Title: In This Moment
Author: Gabrielle Meyer
Series: Timeless, book 2
Major Themes: Historical, Washington D.C., US Civil War, Pearl Harbor, 9/11
Synopsis: Maggie has inherited a unique gift from her parents—to live in 1861, 1941, and 2001 simultaneously; but when her 21st birthday rolls around, she has to choose which life she will choose and which two she will forfeit forever.
I remember the day I finished the first book in this series, and how I wanted to tell anyone who had a bent toward historical fiction to read that book. I also remember wondering how I could possibly wait an entire year for In This Moment to be released! Usually, while I enjoy different series, I’m content to wait for whenever the next book will come available—but I enjoyed that one so much I wasn’t sure if I could wait. Well, I did, and I’m glad now to have had an entire year to anticipate being able to get my hands on this story. The anticipation was half the fun, but the other half was being able to read it—and, thankfully, I was not disappointed!
Maggie has been born with a unique gift: Unlike her time-crossing parents, who each lived in two different time periods until they were forced to choose one to keep for the rest of their lives, she has been born into three different time periods, which means that now, at age 20, she lives in 1861, 1941, where her time-crossing parents are, and 2001. In each path, she has family and friends, and as time ticks down toward her 21st birthday, she has to decide which one she will choose—and which two she will forfeit forever.
In 1861, as the daughter of a notable US senator, Maggie is part of high society—attending dinners put on by Mr. and Mrs. Lincoln in the White House and trying to keep up with all the other parties and dances that happen regularly. Her main struggle is that she knows that the Civil War is developing—since she learned US history in her later paths—but she can’t let on to a soul that she knows. In 1941, she knows the US is on the cusp of entering World War II, but despite her trepidation over heading to Pearl Harbor, she’s thankful to be able to work as a nurse alongside her sister, Anna. In 2001, Maggie is pursuing what she wishes she could do in her two other paths—becoming a doctor and working towards becoming a surgeon, an incredibly fulfilling role. Each path calls to her simultaneously. In 1861, her advanced medical knowledge could be a huge asset as the Civil War drags on; in 1941, her sister and nation need her as they face Pearl Harbor and beyond; and in 2001, she can learn more and do more for people than she could in almost any other time.
I loved the way Gabrielle Meyer set In This Moment up and how she made it all work. This book—and, to be fair, the entire series—would take a huge amount of world-building, research, and creativity to pull together, and she does it admirably well. As I read the story, I had several questions like, “How would this scenario work?”, and every time, somewhere in there, she answered the question. If time-crossing was possible, Meyer gives a fairly plausible explanation for how it might work, and unlike some books I’ve read, I never felt like I was jerked out of the story because I came across something that didn’t fit that world.
I also loved the way Meyer brought history to life! When I found out what timelines she’d chosen, I wondered how in the world she’d be able to give justice not only to the start of the Civil War, but also the start of World War II for the US and 9/11, all in the same book. Surely one would have to give so another time could shine? But no. She did her research, and she did it well, and no matter what chapter I was in, I felt immersed in that time (well, except for the moments when I knew Something Big was about to happen in history in an upcoming chapter…). It was brilliant.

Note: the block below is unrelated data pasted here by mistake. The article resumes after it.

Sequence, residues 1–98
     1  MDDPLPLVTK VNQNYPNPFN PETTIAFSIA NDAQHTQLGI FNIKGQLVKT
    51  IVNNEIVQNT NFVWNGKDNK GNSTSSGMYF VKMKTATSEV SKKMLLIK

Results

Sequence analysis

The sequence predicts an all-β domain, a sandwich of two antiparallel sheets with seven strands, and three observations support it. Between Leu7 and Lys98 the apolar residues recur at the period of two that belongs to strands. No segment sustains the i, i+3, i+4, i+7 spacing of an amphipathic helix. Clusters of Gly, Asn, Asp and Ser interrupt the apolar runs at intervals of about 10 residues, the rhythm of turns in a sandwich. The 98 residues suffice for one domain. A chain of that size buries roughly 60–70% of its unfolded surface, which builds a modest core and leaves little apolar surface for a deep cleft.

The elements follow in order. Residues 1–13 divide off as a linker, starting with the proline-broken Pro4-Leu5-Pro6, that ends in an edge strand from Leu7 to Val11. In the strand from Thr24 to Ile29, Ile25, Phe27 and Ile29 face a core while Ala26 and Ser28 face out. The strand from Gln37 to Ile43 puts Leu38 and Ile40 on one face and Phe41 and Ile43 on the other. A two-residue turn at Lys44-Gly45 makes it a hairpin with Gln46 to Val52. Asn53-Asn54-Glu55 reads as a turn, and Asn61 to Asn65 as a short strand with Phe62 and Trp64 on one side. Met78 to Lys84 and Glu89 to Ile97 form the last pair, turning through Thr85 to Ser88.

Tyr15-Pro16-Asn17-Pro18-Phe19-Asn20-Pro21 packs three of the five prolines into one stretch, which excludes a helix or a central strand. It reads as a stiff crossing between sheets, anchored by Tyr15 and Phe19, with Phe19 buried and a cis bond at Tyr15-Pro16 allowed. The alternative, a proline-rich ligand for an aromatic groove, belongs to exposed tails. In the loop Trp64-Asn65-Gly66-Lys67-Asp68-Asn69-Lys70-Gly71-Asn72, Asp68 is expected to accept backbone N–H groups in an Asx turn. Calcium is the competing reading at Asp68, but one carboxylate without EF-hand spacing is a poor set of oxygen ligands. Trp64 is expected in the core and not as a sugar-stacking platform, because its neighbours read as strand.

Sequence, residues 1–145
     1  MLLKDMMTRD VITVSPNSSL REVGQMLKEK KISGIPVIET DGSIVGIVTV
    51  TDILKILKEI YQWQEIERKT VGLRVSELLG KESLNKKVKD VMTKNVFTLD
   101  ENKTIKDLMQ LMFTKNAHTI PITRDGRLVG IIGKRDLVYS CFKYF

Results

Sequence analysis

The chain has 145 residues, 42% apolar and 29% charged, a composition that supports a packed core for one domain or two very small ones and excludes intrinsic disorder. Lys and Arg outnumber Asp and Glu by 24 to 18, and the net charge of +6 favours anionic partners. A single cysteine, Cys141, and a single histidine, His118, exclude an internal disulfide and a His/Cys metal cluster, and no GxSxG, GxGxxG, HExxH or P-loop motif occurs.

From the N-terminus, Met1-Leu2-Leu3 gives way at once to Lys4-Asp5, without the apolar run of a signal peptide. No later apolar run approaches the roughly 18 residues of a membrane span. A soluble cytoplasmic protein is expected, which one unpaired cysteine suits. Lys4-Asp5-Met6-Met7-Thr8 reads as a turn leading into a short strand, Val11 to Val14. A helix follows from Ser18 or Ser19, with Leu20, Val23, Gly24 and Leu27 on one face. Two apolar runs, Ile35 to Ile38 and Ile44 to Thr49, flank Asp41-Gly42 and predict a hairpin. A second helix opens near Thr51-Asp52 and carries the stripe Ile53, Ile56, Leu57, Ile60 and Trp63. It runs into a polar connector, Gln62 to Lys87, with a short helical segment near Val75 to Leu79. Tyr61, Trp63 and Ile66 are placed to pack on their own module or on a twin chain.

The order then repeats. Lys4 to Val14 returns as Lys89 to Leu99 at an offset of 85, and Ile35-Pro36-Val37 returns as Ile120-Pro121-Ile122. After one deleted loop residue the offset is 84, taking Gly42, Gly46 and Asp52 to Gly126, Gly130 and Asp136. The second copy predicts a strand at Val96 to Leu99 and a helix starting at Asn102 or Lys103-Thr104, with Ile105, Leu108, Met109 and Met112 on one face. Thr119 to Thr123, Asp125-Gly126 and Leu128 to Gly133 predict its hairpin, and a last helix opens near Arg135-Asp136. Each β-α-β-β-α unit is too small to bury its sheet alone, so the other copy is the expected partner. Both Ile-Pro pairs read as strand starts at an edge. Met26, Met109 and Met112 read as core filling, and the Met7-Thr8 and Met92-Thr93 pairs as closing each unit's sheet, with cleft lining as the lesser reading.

If you enjoy historical fiction with a good dash of sweet romance and a strong faith element, In This Moment could quite possibly be an excellent choice for you. I’m eagerly anticipating getting my brother to read this story, so we can discuss the nuances together. I can’t wait for the next book in the series to be released, and find out what happens next!
I was given a complimentary copy of this book, and this is my honest opinion of it.
WARNING: Swearing an oath to the Constitution is mentioned in ch. 7. “What the devil” is used in ch. 13. There is lying in ch. 4 and 10, and part-way through the story, a character decides to disobey her father before later convincing him that she should be allowed to do what she wants. There is a description of a wound in ch. 4. In ch. 10, there is a description of how a man was killed and of a bad wound. The Battle of Bull Run is described in ch. 13, where men are killed and several people are almost hit. 9/11 is described in ch. 21, with a character badly burned. Several injuries are mentioned in ch. 27. In ch. 28, a character finds out someone was killed. The bombing of Pearl Harbor, and a few injuries resulting from it, are described in ch. 31. Unmarried characters touch in nearly every chapter. There are kisses in ch. 15 (a slightly inappropriate setting), 25, and 34. Characters attend dances several times. Throughout the latter part of the book, the main character frequently thinks about how she’d like to be kissed by a man. In ch. 10, there is a mention of a woman who “dallied” with several married men (the fact that she was having an affair is mentioned again in ch. 22). In ch. 26, there is a brief discussion about someone’s relative who was having an affair. A character is commissioned as a colonel in ch. 24, and believes that’s God’s calling for him. In the epilogue, a woman’s labor and delivery are described.
Reading Independently—Ages 15 and Above, Adults